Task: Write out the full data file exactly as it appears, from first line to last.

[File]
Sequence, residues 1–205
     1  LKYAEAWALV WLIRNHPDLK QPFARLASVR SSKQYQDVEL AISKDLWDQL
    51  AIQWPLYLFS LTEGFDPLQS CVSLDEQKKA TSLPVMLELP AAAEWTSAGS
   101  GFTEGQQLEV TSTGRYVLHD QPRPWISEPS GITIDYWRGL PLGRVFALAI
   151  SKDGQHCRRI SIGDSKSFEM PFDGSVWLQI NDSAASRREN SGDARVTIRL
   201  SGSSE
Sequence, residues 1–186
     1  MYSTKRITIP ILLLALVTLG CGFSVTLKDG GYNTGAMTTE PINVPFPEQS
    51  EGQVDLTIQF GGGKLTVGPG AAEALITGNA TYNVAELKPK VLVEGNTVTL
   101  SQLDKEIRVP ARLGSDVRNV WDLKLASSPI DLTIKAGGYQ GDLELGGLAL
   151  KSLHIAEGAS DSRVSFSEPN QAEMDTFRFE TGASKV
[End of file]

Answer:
Sequence, residues 1–205
     1  LKYAEAWALV WLIRNHPDLK QPFARLASVR SSKQYQDVEL AISKDLWDQL
    51  AIQWPLYLFS LTEGFDPLQS CVSLDEQKKA TSLPVMLELP AAAEWTSAGS
   101  GFTEGQQLEV TSTGRYVLHD QPRPWISEPS GITIDYWRGL PLGRVFALAI
   151  SKDGQHCRRI SIGDSKSFEM PFDGSVWLQI NDSAASRREN SGDARVTIRL
   201  SGSSE
Sequence, residues 1–186
     1  MYSTKRITIP ILLLALVTLG CGFSVTLKDG GYNTGAMTTE PINVPFPEQS
    51  EGQVDLTIQF GGGKLTVGPG AAEALITGNA TYNVAELKPK VLVEGNTVTL
   101  SQLDKEIRVP ARLGSDVRNV WDLKLASSPI DLTIKAGGYQ GDLELGGLAL
   151  KSLHIAEGAS DSRVSFSEPN QAEMDTFRFE TGASKV